Adapted from Ryan Ong, MoneySmart
1. Maintain high visibility months before asking
First question: When you ask for a raise, will your boss's response be: "Who the hell are you again?"When working in a large company, you need a way to differentiate yourself. To stand even a half-decent chance, your boss must know you (i.e. he doesn't refer to you as "that guy"). To be in this situation, learn to hog the limelight.
Start getting visible two to three months before asking for your raise. This is important, because if you get visible too close to your asking, it'll look contrived.
Volunteer for speaking roles in meetings and presentations. If none arise, piece together a proposal. It gives you an excuse to talk to your boss individually, for at least 30 minutes; makes you known to your boss (or reinforces your presence); suggests you have lots of initiative, or reveals how busy you are.
Just don't propose something you can't manage. Or something that would mean overtime for your whole department (and hence your corpse being fed through a shredder).
2. Start documenting your achievements
Not just to show your boss either. The point of documenting your achievements is so you can structure them. Did you redo the budget reports? That's a plus. Did you close a big contract? That's a must-say. Did you replenish the Coke in the pantry? Best leave it out, it'd sound pathetic.
When you have everything in writing, you'll be confident when negotiating. Have everything in a mess, and your argument will be along the lines of: "Hmmm, ah, err…I good." Of course, your boss might want some proof, so put your documented achievements in a nice folder. Include work samples if you can, and client testimonials.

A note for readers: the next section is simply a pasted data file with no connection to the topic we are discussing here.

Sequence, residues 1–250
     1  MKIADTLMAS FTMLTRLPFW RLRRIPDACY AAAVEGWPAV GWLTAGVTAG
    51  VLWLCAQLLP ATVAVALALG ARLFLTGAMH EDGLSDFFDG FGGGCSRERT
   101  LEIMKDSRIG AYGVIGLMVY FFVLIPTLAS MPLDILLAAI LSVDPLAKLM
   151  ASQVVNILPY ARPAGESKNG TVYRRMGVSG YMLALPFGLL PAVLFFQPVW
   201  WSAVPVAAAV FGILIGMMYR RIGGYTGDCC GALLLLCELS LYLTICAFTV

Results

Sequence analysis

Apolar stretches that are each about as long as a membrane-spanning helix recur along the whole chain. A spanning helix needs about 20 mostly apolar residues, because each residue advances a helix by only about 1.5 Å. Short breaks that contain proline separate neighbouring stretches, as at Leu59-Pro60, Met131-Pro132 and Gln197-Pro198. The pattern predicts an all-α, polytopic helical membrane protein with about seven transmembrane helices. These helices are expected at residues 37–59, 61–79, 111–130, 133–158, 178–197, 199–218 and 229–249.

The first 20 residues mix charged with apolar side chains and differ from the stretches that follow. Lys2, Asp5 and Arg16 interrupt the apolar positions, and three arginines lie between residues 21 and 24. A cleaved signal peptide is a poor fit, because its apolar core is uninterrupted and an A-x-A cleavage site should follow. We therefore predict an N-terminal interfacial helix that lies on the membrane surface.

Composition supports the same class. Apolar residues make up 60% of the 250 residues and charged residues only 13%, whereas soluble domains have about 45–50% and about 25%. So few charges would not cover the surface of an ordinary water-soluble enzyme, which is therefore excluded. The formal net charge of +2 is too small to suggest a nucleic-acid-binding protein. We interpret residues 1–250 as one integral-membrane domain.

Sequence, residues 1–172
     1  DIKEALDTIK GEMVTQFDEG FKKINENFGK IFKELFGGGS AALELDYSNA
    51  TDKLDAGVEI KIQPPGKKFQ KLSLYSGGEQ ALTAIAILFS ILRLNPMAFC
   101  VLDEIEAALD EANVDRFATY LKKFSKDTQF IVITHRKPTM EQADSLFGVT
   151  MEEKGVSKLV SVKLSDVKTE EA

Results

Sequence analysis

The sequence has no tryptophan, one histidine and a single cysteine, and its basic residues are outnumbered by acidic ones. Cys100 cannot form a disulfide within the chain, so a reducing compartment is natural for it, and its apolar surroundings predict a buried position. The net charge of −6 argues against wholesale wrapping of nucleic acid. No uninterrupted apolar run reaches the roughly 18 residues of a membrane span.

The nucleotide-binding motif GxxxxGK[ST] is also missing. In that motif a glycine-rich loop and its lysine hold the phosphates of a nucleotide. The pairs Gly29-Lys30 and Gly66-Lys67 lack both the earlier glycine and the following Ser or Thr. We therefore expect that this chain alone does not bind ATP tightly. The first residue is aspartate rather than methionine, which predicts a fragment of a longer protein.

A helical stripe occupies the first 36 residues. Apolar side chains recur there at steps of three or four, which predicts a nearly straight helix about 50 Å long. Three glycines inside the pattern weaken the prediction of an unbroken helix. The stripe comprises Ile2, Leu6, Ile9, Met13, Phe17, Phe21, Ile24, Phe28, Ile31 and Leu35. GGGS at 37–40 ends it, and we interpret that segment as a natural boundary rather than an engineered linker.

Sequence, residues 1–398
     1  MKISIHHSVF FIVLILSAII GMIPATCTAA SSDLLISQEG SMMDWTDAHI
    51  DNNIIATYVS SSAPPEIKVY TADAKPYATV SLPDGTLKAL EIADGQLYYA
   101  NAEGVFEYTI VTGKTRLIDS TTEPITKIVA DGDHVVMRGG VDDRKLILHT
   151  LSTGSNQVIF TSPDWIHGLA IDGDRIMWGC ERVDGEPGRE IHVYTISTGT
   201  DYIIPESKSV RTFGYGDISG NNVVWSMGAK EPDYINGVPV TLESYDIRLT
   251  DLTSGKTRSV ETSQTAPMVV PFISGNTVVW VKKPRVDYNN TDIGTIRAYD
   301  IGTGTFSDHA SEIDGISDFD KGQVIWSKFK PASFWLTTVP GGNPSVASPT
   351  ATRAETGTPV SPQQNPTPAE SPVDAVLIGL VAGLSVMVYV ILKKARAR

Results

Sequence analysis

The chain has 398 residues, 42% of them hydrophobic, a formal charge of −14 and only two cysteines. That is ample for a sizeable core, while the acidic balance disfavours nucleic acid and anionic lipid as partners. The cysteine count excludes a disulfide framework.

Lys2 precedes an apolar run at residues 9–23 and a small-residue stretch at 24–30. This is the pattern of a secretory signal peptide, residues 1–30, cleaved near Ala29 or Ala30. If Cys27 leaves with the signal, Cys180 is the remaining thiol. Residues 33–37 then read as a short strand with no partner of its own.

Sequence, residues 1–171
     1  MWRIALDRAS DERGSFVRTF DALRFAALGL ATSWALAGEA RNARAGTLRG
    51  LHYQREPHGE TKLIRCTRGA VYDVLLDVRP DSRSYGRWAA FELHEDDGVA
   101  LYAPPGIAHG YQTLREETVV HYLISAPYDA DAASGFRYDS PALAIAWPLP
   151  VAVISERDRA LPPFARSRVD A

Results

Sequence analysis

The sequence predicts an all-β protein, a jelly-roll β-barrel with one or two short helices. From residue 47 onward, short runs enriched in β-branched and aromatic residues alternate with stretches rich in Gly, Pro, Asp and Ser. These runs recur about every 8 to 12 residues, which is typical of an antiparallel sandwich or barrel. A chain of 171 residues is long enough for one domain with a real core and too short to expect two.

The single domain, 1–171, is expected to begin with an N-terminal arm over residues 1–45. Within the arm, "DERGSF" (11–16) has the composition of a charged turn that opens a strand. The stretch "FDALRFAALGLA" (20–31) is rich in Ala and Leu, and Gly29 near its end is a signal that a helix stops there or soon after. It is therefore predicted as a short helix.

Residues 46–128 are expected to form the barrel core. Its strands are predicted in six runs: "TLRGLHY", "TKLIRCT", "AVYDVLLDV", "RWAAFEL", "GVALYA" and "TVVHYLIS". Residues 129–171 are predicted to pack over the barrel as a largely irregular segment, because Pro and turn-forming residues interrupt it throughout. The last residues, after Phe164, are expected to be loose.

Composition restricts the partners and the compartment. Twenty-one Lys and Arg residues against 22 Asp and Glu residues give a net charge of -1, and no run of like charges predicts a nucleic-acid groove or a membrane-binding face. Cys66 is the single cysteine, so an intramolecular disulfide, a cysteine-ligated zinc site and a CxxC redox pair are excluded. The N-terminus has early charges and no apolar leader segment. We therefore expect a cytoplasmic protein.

3. Work out a deal
Once you're in the limelight and have your achievements ready, you can start talking about the raise. But don't charge through the doors and start going on about one. Instead, play with variations of this magic question: "What can I do to justify a raise?"
If your achievements are on par, there may not even be conditions. Your boss might just explain that there's a budget, or that you'll have to wait for the opportunity. In which case, you either start looking for work elsewhere, or wait and see.
Otherwise, work with your boss in setting targets. Agree on quantifiable results, such as "increase sales closures by 10 cases a month." Dodge subjective goals, like "Make kewl websites that crack people up." You may want to line up some targets of your own, so you're prepared once the negotiating starts.
4. Gentle follow-upIf you agree on goals with your boss, remember to broadcast them as you reach them. It's not just a gentle reminder; you want to suggest you're serious about those goals. It makes bosses reluctant to back out; it'd be like slapping a puppy.
If your boss established a date to get back to you, remind him. Contact your boss close to the day (or month) and ask how things look. Don't ever get whiny or pushy about it, no matter what your instincts demand. Remember, instincts are the same thing that make you scream like a little girl and shame yourself at horror flicks. Don't listen to them.
If your boss says "no word," just accept it and ask when you should check again. Believe me, it will nag at them even more. And if this is the third or fourth time they've bailed on you, it's best to start brushing off the resume. Either your work is under-appreciated, or your company sales are the punch-line to recession jokes.
5. Check if you've hit the limitWhether or not you get your raise, end the process by checking your salary limit. Understand that every role has a maximum salary cap; the pantry lady will never earn more than the general manager, and the HR consultant will never earn more than the CEO.
The easiest way to assess this is through pay comparison sites. If your current salary is in the 71st percentile or above, you have as much chance of a raise as Bin Laden did with the Nobel Peace Prize. If you're in this category, accept that you've hit your salary limit; nothing short of a major job change will help you.
Otherwise, show your boss you make less than others in your field. Emphasize that you're not threatening to leave; it's just that your pay isn't commensurate with your work. This will compel him to do some research, and you may succeed the next time around.
Beauty Talk asks: Have you been able to get a pay raise? If yes, how were you able to justify your raise? Comment and let us know!